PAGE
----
Residents of Chengdu, the lively capital of southwestern China’s Sichuan province, are known as enthusiastic idlers, a reputation owed to a passion for tea gardens, cards and mah-jongg and good food.
No local specialty is more treasured than mapo tofu, a sumptuous melange of silky firm bean curd, chopped meat and suanmiao (a local leek) cooked in liberal amounts of oil with black beans, chili-beanpaste, soy sauce and dried chilies. Before it is served, the dish is thickly dusted with ground huajiao (also known as Sichuan pepper), the fruit of a type of prickly ash tree that leaves a tingle on lips and tongue.
For British food writer Fuchsia Dunlop, author of ‘Sichuan Cookery’ (published in the U.S. under the title ‘Land of Plenty’), mapo tofu’s ‘bold, striking flavors and comforting, sort of lazy texture’ are a culinary embodiment of Chengdu’s split personality: ‘A vibrant city whose inhabitants are known for taking a laid-back approach to life,’ says Ms. Dunlop.
Mapo tofu — which means ‘pockmarked old lady’s bean curd’ or, more politely, ‘pockmarked mother’s bean curd’ (ma means pockmarked and po means mother or lady) — is named for its inventor, a woman named Chen who, in late 19th-century Chengdu, ran a food shop called Wanfu Qiao (Wanfu Bridge) with her husband. The restaurant’s existence, Ms. Dunlop notes, is substantiated by its mention in ‘Chengdu Tonglan: A General View of Chengdu,’ a guide to the city’s famous eateries and street snacks published in 1909.
Wanfu Qiao sat outside the city wall’s north gate, along a route traversed by laborers lugging rapeseed oil (a type of vegetable oil still used in Sichuan) to market. Ms. Dunlop speculates that one day the porters gave Chen Mapo some oil and requested that she make them something with bean curd. Heeding the Sichuanese penchant for ma-la (numbing and spicy flavors), she added plenty of dried chilies and huajiao (Sichuan pepper) to her bean curd dish and served it in a pool of chili-hued oil.
The owners of Chen Mapo Tofu, a chain of restaurants in contemporary Chengdu, maintain that their shops are directly descended from the late 19th-century original. It’s a claim that’s impossible to verify, though Ms. Dunlop thinks it may have merit because when the Chinese Communists nationalized privately owned restaurants in the 1950s, they usually left the businesses’ family names intact.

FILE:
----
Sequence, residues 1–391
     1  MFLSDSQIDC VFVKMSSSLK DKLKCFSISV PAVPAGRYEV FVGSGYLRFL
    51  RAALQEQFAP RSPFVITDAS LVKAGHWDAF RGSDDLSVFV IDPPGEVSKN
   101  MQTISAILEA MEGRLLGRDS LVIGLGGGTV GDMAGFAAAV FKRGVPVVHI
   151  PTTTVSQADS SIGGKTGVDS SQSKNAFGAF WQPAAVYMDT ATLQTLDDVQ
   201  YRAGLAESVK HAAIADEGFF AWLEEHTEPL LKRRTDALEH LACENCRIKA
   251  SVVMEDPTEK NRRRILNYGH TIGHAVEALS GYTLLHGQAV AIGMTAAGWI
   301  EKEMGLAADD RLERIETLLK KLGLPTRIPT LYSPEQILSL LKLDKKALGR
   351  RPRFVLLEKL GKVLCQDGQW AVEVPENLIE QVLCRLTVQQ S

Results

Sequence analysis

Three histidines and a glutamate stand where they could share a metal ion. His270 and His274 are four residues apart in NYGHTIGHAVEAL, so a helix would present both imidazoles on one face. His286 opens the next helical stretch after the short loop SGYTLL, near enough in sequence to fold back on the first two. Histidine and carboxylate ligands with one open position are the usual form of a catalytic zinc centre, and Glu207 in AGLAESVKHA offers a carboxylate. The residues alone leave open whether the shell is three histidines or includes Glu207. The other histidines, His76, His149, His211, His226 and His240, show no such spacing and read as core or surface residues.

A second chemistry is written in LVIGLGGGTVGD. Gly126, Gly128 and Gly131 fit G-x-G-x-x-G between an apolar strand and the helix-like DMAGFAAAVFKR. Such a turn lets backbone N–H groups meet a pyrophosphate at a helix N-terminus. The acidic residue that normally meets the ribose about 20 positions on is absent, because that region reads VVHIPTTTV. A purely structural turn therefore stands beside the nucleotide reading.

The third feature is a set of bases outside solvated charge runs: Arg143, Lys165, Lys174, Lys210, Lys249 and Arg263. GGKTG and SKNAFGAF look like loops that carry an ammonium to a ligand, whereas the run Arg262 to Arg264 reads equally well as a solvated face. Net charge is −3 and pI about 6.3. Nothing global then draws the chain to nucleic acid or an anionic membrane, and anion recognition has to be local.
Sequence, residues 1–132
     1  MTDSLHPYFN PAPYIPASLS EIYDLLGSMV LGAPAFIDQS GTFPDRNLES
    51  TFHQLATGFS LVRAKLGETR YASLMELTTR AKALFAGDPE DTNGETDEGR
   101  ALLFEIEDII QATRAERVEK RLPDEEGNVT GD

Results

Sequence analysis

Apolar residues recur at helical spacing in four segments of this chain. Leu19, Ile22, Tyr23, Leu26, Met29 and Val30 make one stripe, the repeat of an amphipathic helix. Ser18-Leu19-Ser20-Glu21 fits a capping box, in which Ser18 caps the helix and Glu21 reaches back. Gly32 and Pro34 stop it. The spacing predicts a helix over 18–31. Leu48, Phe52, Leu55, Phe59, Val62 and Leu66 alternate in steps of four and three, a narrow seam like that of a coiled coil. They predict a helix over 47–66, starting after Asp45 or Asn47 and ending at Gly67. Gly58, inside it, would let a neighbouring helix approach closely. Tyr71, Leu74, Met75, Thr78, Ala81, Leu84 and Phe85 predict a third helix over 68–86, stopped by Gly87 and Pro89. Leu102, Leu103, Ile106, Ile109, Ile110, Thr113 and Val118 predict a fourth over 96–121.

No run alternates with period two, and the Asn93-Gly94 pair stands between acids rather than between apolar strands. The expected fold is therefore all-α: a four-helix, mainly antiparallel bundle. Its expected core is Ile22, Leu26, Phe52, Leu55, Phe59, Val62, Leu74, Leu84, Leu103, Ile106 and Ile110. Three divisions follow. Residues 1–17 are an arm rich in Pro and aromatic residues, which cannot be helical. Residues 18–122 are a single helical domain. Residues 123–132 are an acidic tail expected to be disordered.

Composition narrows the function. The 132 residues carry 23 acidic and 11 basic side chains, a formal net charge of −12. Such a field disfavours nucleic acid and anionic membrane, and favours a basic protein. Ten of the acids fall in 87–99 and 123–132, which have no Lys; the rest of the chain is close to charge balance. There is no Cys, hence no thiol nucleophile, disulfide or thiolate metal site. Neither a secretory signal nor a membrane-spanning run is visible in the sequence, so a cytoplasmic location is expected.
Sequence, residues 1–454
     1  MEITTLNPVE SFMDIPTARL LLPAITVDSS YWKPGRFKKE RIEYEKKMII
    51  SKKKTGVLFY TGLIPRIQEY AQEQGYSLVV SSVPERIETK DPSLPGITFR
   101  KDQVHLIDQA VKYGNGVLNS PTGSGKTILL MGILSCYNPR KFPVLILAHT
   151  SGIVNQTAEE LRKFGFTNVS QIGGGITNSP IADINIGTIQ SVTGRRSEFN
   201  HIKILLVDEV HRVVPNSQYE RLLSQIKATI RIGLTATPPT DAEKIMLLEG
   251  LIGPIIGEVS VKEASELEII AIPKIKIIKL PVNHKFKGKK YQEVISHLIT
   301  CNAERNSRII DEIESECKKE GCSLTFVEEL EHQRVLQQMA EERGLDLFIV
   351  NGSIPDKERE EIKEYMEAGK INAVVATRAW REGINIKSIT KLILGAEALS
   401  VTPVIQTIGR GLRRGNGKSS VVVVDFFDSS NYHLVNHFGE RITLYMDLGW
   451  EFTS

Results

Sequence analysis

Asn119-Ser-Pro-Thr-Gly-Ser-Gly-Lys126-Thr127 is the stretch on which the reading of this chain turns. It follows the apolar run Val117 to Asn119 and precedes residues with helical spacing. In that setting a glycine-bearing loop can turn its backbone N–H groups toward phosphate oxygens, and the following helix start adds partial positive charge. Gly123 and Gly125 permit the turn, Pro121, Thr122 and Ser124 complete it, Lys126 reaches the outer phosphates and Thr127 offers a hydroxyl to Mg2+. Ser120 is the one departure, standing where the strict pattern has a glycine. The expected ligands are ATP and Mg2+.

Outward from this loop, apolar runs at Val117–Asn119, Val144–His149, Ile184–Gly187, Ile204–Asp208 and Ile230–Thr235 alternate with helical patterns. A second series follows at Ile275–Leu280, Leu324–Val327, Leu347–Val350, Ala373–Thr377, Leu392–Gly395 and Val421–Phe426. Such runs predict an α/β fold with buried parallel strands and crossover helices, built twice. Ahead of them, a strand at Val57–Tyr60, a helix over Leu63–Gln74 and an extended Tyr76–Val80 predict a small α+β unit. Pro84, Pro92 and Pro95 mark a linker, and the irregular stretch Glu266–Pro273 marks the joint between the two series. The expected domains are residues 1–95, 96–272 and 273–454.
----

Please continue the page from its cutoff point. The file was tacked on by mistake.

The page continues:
Overseas Chinese restaurant versions of mapo tofu rarely pack the ma-la punch of the real thing, probably because most restaurant owners hail from chili-phobic southern China, but also because the processing that huajiao must undergo for export robs it of fragrance and flavor.
Mapo tofu is a lunch or dinner food to be enjoyed — depending on the occasion and the company — with a simple stir-fried green vegetable or an array of cold starters, other main dishes and soup. In Chengdu, you’re rarely more than a city block from a passable version, whether it’s served in an establishment dripping with gold leaf and crystal chandeliers or a rustic open-air eatery run by a lone cook working a single wok.
The dish is also a comfort food well-suited to preparation at home. According to Chinese-American Zuo Ziying, who was born in Chengdu and who conducts tours in southwest China for Lotus Culinary Travel, jiachang or home-style versions of mapo tofu are usually less oily and more simple than those cooked in restaurant kitchens. When Ms. Zuo prepares the dish at home, ‘I make it with just tofu cubes and some chili oil, and not so much bean-paste.’ And she often substitutes chopped scallion greens for suanmiao (the local leek).
Chilies both warm the body and induce a cooling sweat, so mapo tofu is a dish made-to-order for Chengdu’s perennially humid climate, with its bone-chilling winters and oppressively muggy summers.
‘Each place makes it a different way,’ says Ms. Zuo, ‘but the style served at Chen Mapo Tofu’ — with a generous pool of oil, lengths of suanmiao, heavy-duty spice and browned beef (some cooks substitute pork) — ‘is authentic.’
Foreigners are often put off by mapo tofu’s characteristic slick of oil, but Ms. Dunlop says, ‘It was an oil carrier’s dish, so it should be oily.’ The dish, she adds, should also boast a ‘wonderful deep-red glossiness because the chilies have thoroughly colored the oil.’ A generous sprinkling of fragrant ground huajiao — Sichuan pepper — just before serving is essential.
Firm yet tender bean curd that holds its shape during cooking — ‘When you cook it you just sort of nudge the tofu with the back of a spoon to mix but not break it,’ is essential, advises Ms. Dunlop. A thick, luxurious beef sauce flavored with salty and spicy chili-bean-paste (preferably from Sichuan’s Pixian County, home to the province’s oldest chili-bean-paste workshop) lend the dish its over-the-top taste and plush texture.
The dish can convert even the most die-hard bean-curd sceptics, says Ms. Dunlop, speaking from experience. ‘It’s just so delicious that most people, who normally won’t eat tofu because they think it’s boring, love it.’